• Rural bridges in Northwest Oklahoma will receive $11.5 million to replace seven bridges that serve 3,000 vehicles per day, improving reliability and capacity for the region’s farmers, ranchers and energy workers.
  • Burgard Bridge in Portland, Oregon will receive $13.9 million to replace a 93-year-old viaduct in the St. John’s neighborhood of Portland, which 8,000 vehicles cross every day.
  • Rural bridges in Northwest South Carolina, will receive $51.2 million to replace six bridges ranging from 68 to 101 years old that serve an estimated 13,000 vehicles per day and communities that heavily rely on these bridges to travel to work and school and transport goods across the region. Without the project, these bridges would have to close to traffic, causing long delays, detours, and travel costs.
  • The US-59 San Antonio River Bridge in San Antonio, Texas will receive $14 million to replace a bridge that serves over 4,200 vehicles per day, including many traveling to and from major water ports in the area. Without the project the bridge would have to close for at least 9 months, leading to a 50-mile detour.
  • Arland D. Williams Jr. Memorial Bridge which carries the northbound lanes of I-395 will receive $72 million to rehabilitate the bridge that serves over 88,000 vehicles per day and connects people and goods from Arlington, Virginia to Washington, D.C.
  • The John Nolen Drive Bridges in Madison, Wisconsin will receive $15.1 million to replace six bridges that serve 45,000 vehicles per day along a major artery into downtown Madison.

This competitive grant program was limited to bridge projects with eligible costs of up to $100 million.

The recent grant announcements come on top of billions of dollars in other bridge and highway funding already flowing to every U.S. state and territory that is helping communities rebuild, repair, and replace  thousands of bridges across the nation and restoring connections that are vital to commuters, emergency responders, truck drivers, public transit riders, and more.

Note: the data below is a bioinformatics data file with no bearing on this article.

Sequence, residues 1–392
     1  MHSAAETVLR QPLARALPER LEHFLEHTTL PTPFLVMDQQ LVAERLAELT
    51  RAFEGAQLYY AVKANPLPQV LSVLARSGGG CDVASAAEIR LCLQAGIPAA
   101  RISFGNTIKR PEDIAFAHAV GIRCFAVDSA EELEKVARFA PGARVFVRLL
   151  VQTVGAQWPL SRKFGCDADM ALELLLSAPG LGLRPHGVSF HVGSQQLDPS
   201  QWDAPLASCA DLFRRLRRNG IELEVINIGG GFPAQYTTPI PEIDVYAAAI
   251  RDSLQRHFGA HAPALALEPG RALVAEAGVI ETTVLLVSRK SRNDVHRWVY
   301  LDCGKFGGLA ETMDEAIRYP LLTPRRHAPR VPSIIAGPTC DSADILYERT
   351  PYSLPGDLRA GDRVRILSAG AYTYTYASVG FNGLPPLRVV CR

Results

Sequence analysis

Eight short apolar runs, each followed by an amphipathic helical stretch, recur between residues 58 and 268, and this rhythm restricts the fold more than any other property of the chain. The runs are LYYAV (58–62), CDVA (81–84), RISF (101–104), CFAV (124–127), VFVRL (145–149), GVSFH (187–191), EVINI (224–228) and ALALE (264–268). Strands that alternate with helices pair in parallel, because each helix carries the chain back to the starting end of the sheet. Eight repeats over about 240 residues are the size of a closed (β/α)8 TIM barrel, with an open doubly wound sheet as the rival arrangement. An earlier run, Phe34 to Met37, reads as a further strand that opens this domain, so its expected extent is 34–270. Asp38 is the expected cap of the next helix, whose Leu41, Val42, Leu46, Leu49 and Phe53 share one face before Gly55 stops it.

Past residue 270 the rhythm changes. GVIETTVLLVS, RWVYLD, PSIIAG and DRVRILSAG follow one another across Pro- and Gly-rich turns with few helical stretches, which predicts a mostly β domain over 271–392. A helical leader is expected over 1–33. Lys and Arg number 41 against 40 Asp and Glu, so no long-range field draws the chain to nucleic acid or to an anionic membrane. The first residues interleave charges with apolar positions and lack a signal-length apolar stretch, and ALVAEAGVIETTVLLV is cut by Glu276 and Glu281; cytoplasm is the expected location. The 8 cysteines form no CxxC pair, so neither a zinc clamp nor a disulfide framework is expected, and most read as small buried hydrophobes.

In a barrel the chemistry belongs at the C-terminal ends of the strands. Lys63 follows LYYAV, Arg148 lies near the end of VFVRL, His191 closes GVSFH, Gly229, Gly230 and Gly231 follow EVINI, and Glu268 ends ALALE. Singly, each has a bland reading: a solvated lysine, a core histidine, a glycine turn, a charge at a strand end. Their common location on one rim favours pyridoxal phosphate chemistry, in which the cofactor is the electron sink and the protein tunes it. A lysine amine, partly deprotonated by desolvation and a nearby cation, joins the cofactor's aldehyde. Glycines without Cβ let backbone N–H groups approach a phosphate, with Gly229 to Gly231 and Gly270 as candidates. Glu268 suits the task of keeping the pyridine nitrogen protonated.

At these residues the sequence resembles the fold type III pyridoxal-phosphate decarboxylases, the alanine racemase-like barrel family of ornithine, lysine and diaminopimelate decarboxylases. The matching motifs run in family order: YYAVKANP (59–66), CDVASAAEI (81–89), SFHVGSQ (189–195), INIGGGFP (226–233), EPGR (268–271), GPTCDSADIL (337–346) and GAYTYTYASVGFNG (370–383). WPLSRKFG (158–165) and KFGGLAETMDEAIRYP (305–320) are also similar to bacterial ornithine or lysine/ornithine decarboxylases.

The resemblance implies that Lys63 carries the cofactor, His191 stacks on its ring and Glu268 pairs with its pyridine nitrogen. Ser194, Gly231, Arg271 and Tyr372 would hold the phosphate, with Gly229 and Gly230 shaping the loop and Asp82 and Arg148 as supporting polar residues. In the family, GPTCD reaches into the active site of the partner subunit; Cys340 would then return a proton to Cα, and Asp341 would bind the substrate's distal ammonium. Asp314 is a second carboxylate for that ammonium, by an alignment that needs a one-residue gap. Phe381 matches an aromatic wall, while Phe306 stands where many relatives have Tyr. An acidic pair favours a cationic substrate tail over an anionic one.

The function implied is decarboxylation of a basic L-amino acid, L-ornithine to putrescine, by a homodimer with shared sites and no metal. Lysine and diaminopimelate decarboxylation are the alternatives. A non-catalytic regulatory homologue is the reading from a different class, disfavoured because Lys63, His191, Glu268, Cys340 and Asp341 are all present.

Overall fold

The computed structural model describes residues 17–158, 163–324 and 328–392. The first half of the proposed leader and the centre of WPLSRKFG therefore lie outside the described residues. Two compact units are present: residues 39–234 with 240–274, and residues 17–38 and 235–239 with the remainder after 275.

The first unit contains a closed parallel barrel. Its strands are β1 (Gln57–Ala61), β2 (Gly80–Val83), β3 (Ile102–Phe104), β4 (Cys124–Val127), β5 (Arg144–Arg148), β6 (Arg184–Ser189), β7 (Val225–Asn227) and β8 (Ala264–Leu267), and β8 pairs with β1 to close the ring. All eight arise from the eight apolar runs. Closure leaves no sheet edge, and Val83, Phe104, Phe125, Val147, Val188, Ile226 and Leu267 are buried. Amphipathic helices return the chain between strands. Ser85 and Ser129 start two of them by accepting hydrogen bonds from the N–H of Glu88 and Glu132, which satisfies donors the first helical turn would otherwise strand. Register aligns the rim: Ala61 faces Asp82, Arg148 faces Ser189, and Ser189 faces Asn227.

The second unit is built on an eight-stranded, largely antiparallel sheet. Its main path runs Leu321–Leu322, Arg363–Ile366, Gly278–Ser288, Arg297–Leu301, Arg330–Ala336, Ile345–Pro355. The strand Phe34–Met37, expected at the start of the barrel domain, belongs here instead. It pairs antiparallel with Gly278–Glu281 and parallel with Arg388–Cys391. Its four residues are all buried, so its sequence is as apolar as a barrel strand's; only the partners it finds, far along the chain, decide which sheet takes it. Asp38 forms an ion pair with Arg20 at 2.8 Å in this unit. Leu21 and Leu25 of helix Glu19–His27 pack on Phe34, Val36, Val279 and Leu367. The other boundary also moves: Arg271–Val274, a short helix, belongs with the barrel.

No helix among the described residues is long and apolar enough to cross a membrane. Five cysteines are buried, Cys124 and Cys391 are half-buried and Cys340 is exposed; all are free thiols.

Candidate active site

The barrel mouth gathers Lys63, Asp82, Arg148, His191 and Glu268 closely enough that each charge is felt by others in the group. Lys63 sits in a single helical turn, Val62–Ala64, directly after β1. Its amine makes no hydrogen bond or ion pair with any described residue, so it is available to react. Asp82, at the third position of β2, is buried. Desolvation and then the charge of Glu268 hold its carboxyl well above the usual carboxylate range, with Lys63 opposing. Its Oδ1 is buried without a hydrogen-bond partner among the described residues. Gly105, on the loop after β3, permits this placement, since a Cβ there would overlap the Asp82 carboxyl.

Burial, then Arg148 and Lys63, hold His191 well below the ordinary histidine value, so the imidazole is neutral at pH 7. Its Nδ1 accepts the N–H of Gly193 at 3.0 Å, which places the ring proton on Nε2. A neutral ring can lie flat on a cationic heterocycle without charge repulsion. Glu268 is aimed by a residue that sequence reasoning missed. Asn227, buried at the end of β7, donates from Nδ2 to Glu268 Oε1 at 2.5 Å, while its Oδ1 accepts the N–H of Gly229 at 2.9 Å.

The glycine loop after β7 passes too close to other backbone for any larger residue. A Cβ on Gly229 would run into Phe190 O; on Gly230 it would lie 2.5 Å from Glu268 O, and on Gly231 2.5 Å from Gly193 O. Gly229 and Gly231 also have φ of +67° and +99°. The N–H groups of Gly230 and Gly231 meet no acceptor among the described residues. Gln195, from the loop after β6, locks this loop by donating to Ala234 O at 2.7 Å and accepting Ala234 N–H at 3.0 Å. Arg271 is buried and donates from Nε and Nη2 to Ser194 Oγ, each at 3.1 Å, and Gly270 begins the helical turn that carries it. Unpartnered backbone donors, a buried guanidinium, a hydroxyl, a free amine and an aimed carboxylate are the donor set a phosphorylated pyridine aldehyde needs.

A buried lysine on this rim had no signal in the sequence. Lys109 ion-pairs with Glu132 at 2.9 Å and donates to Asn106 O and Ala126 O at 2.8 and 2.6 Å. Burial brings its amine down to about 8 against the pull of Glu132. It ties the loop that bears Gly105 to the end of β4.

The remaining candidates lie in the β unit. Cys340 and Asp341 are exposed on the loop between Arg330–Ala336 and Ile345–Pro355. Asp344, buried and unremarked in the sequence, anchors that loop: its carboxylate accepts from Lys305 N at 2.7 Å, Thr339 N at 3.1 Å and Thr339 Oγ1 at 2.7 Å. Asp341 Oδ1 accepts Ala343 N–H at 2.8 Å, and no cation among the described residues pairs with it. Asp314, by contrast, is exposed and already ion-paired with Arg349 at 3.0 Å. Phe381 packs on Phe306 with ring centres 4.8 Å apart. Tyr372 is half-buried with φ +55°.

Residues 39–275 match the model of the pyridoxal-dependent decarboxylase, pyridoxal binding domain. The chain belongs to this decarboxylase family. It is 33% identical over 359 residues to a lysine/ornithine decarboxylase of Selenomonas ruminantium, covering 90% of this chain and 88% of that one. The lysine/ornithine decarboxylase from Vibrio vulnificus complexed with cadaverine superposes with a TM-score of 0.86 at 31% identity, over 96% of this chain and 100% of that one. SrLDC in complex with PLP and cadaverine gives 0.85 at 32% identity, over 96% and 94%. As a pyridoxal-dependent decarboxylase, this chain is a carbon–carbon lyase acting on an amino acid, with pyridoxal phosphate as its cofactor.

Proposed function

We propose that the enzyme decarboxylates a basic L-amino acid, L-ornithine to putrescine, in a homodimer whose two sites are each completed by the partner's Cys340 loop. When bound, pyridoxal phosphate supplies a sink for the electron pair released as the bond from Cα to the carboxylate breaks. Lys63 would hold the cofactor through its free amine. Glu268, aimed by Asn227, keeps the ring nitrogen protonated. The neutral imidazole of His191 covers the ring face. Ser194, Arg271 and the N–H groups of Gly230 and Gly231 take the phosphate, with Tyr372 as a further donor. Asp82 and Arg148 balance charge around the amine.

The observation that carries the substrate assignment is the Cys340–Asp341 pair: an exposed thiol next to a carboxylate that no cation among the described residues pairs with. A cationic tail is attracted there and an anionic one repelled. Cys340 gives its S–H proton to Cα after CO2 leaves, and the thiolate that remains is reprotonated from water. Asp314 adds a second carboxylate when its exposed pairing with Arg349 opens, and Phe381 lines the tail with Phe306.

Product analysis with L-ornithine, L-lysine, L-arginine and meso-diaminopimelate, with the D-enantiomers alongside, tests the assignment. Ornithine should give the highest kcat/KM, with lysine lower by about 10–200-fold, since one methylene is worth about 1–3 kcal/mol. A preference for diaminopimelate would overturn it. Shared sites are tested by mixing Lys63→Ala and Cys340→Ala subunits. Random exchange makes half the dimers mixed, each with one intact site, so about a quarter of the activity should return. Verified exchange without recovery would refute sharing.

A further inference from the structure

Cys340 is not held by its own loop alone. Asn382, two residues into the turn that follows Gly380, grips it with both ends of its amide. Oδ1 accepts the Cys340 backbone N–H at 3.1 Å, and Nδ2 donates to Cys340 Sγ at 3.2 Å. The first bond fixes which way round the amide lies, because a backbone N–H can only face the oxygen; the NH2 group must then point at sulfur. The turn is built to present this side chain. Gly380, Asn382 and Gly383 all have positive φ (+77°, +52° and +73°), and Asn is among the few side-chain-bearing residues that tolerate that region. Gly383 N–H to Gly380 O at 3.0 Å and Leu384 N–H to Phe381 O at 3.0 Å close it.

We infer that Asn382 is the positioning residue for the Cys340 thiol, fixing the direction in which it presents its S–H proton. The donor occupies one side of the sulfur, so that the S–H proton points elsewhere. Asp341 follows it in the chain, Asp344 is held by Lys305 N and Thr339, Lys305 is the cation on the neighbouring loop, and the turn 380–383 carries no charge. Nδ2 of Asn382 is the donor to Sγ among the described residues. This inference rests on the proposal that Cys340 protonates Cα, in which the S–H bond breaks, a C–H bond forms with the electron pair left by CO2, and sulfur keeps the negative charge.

Over the course of the three-week Investing in America tour, President Biden, Vice President Harris, and twenty senior Administration Officials traveled to over 50 cities and towns in 25 states and territories across the country that are benefiting directly from the President’s Investing in America agenda – including the Bipartisan Infrastructure Law, the Inflation Reduction Act, the CHIPS and Science Act, and the American Rescue Plan. During the tour, Administration officials touted how the Investing in America agenda has unleashed over $435 billion in private sector manufacturing investments, funded 23,000 infrastructure projects across 4,500 cities and towns, spurred record small business starts, and has helped create over 12 million jobs since President Biden and Vice President Harris took office.